New Research Suggests the Moon Causes More Than Just Ocean Tides

April 6, 2016 | Joanne Kennell

Moon above Earth's surface
Photo credit: Beth Scupham/flickr (CC BY 2.0)

It may also protect life on Earth.

Earth’s magnetic field protects us and everything else on the planet from the harmful charged particles, mainly protons and electrons, and radiation emitted from the sun. According to the classical dynamo model, this shield is produced by the geodynamo, which is the rapid motion of enormous quantities of liquid iron alloy in Earth’s outer core.

For Earth to have maintained this magnetic field until the present day, the classical model requires Earth’s core to have cooled by 3,000 degrees Celsius (5,430 degrees Fahrenheit) over the past 4.3 billion years. However, a team of researchers from National Center for Scientific Research (CNRS) and Université Blaise Pascal suggest that its temperature has fallen by only 300 degrees Celsius (570 degrees Fahrenheit).

SEE ALSO: Strange “Weather” Observed Near the Center of the Earth

So what is keeping the geodynamo active? The moon. It is now thought that the moon has compensated for this difference to keep the geodynamo working. The study was published on March 30 in the journal Earth and Planetary Science Letters.

The classical dynamo model of the formation of Earth’s magnetic field currently involves a major paradox: For the geodynamo to work, Earth would have had to be totally molten four billion years ago, and its core would have had to slowly cool from around 6,800 degrees Celsius (12,270 degrees Fahrenheit) then to 3,800 degrees Celsius (6,870 degrees Fahrenheit) today.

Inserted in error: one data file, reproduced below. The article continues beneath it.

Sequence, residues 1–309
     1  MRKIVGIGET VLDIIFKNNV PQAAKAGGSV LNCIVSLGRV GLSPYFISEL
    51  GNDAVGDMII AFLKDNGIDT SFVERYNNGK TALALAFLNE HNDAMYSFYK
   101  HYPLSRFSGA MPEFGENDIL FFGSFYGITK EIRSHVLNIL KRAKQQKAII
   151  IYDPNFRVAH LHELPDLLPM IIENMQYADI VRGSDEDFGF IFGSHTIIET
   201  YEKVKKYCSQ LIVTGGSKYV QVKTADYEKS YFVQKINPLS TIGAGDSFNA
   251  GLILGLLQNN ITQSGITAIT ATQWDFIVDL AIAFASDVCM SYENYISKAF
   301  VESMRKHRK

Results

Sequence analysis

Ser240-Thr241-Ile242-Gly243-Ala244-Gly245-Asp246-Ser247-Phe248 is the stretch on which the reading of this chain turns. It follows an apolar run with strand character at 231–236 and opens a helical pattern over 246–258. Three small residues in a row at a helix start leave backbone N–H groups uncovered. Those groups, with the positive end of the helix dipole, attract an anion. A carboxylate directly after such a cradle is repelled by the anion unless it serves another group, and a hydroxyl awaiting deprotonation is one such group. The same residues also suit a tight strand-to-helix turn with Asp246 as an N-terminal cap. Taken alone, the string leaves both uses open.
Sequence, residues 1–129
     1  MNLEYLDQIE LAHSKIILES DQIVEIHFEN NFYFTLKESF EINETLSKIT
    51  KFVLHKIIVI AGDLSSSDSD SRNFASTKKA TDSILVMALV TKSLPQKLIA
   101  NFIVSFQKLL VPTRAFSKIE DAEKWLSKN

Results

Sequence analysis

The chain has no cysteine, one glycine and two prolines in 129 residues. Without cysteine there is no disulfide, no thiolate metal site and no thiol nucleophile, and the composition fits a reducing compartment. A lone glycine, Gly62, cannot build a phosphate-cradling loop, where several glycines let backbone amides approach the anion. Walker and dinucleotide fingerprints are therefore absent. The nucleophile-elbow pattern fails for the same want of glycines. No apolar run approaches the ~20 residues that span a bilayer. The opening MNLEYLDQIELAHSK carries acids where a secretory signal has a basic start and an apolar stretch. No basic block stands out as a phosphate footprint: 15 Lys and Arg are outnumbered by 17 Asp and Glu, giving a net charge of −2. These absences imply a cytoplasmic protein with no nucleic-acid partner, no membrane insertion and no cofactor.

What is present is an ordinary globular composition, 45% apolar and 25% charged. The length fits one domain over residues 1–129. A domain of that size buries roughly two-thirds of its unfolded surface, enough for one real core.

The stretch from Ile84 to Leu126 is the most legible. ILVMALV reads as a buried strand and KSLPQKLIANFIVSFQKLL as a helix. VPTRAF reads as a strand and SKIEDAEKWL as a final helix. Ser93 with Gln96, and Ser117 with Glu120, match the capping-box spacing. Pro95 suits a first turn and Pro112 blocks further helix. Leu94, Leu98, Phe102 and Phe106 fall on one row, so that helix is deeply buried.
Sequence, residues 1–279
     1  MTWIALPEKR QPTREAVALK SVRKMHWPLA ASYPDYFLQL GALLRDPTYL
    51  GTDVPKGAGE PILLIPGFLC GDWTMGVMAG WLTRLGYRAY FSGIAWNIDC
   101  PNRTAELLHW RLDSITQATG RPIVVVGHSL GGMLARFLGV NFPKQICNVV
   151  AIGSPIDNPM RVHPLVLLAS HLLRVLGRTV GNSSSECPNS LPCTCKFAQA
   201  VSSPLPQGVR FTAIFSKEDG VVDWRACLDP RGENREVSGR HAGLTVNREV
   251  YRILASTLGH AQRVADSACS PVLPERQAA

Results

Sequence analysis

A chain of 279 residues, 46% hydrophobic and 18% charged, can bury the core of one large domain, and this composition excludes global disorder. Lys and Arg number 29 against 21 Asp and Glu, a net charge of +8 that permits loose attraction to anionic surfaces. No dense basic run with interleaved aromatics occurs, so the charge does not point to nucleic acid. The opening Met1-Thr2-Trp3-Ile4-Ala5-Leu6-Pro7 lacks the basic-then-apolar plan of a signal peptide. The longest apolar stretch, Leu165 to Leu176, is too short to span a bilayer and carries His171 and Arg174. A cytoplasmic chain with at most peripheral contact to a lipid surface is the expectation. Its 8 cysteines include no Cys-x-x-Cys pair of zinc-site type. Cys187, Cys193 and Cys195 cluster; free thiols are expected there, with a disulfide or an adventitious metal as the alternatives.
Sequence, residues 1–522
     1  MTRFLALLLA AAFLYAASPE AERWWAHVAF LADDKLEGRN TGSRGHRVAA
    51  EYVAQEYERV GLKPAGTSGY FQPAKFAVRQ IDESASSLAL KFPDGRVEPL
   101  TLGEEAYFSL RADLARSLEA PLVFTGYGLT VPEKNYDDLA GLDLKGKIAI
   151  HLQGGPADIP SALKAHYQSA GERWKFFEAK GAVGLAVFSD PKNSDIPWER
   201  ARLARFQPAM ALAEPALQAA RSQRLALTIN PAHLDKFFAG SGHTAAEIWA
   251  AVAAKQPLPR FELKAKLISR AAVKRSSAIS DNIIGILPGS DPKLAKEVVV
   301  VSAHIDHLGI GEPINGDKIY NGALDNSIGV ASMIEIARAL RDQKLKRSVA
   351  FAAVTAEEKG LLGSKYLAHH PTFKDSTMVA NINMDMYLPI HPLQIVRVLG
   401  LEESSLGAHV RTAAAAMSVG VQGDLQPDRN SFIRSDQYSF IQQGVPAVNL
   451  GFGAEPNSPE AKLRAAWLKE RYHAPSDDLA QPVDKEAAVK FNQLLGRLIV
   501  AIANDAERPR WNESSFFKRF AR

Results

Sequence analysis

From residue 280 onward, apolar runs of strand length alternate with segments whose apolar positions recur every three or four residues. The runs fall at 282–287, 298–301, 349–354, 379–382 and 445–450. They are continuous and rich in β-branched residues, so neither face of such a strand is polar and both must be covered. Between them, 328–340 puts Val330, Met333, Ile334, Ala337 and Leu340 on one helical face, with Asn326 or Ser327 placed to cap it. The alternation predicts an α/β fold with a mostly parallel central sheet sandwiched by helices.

However, recent modeling of the evolution of the internal temperature of the planet, coupled with geochemical studies of the composition of the oldest carbonatites and basalts, do not show this cooling.

So the researchers proposed another source of energy.

Since Earth has a slightly flattened shape, rotates on an inclined axis that wobbles around the poles, and has a mantle that deforms elastically due to tidal effects caused by the moon, the researchers were able to show that this effect could continuously stimulate the motion of the liquid iron alloy making up the outer core, generating Earth’s magnetic field.

Earth constantly receives 3,700 billion watts of power through the transfer of the gravitational and rotational energy of the Earth-Moon-Sun system, and it is believed that just over 1,000 billion watts is required to bring about the motion in the outer core. According to the press release, this energy, together with the moon, is enough to generate Earth’s magnetic field, resolving the major paradox in the classical model.

Diagram of the moon's effect on Earth's geodynamo

Photo credit: Julien Monteux and Denis Andrault

Since Earth’s rotation around its axis, the direction of its axis, and the moon’s orbit and not perfectly regular, their combined effect on motion in the core is unstable, which can cause fluctuations in the geodynamo.

The effect of gravitational forces on a planet’s magnetic field is not a new concept. This effect has already been well documented for two of Jupiter’s moons, Io and Europa, and for a number of exoplanets. Now, this new model shows that the moon’s effect on Earth may go far beyond just causing the tides.

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